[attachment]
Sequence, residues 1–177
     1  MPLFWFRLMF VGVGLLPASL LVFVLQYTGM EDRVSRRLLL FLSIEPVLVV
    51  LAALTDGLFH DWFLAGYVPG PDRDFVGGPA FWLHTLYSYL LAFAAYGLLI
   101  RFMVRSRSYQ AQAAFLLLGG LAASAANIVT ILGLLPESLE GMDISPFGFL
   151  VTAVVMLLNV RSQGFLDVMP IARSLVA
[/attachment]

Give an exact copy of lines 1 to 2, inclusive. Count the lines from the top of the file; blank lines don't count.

Sequence, residues 1–177
     1  MPLFWFRLMF VGVGLLPASL LVFVLQYTGM EDRVSRRLLL FLSIEPVLVV